Deep down, each one of us believes, I’m the exception. We live our lives in the unconscious certainty that the brick walls that fall on other people will never flatten us. That’s why we rant and rave and shake our fists in God’s face when life suddenly goes south.
I had been asking that question over and over ever since Conover left the room. Asking for what seemed like hours.
Dying with my boots on I could accept, at least in concept. Guarantees of personal safety had never been part of the job description or listed among the bennies. I had known from the get-go my chosen career could be dangerous; and if I was honest, I would have to admit that element of risk was part of what attracted me to police reporting in the first place. Of course, accepting death in the line of duty as an abstract idea isn’t quite the same as looking it in the eye.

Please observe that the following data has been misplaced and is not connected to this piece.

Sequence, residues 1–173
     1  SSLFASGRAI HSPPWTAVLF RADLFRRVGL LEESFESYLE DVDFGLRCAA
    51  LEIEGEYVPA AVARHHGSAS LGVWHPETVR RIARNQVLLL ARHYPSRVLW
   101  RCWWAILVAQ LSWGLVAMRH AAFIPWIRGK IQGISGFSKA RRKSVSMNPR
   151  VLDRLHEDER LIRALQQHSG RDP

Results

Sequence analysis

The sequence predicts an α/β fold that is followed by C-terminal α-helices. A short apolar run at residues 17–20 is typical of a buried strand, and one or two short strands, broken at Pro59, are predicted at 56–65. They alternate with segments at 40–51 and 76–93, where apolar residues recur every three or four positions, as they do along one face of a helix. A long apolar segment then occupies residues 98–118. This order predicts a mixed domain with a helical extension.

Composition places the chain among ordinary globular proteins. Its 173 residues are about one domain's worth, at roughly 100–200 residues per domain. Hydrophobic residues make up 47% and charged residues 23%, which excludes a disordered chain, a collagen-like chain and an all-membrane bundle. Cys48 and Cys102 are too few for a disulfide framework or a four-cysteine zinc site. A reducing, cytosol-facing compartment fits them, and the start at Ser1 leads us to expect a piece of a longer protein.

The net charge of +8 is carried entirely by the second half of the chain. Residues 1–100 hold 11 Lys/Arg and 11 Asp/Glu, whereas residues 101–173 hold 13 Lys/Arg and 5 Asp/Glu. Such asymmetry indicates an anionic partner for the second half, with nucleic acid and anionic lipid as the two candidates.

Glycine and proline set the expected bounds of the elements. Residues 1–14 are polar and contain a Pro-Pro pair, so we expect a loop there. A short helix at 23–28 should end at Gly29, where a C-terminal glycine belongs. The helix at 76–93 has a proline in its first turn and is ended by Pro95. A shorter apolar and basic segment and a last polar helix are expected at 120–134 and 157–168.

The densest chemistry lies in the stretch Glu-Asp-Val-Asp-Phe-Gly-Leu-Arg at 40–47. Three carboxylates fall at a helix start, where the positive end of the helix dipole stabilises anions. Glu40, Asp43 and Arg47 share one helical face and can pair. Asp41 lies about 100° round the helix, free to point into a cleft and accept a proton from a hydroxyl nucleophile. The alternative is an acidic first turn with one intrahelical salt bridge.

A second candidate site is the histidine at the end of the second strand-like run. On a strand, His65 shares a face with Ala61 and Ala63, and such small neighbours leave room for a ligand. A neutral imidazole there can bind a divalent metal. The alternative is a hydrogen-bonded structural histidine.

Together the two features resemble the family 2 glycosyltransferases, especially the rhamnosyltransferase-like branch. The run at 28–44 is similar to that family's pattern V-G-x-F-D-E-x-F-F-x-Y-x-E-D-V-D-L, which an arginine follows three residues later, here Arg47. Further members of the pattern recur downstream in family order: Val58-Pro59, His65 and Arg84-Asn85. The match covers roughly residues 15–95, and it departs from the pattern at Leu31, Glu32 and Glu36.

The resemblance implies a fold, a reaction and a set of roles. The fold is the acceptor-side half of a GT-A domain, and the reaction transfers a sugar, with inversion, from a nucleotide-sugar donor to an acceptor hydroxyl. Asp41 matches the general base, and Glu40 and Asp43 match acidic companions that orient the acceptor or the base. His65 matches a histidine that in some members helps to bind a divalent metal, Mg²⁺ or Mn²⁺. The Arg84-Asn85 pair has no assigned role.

Not that I was resigned to dying. Far from it. I would fight and hope right up to my last breath. Still, if this was it, I figured I had no legitimate gripe.
But mutilation was never part of the bargain. Wouldn’t be now, if not for my crazy gift. That’s the Why me? I was struggling with. Thousands of people have eye transplants every year, and as far as I know, not one of them has ever complained of bizarre supernatural complications. So why me? The only answer that came to me was as unsatisfying as it was inescapable. Why not me? Why anybody else?
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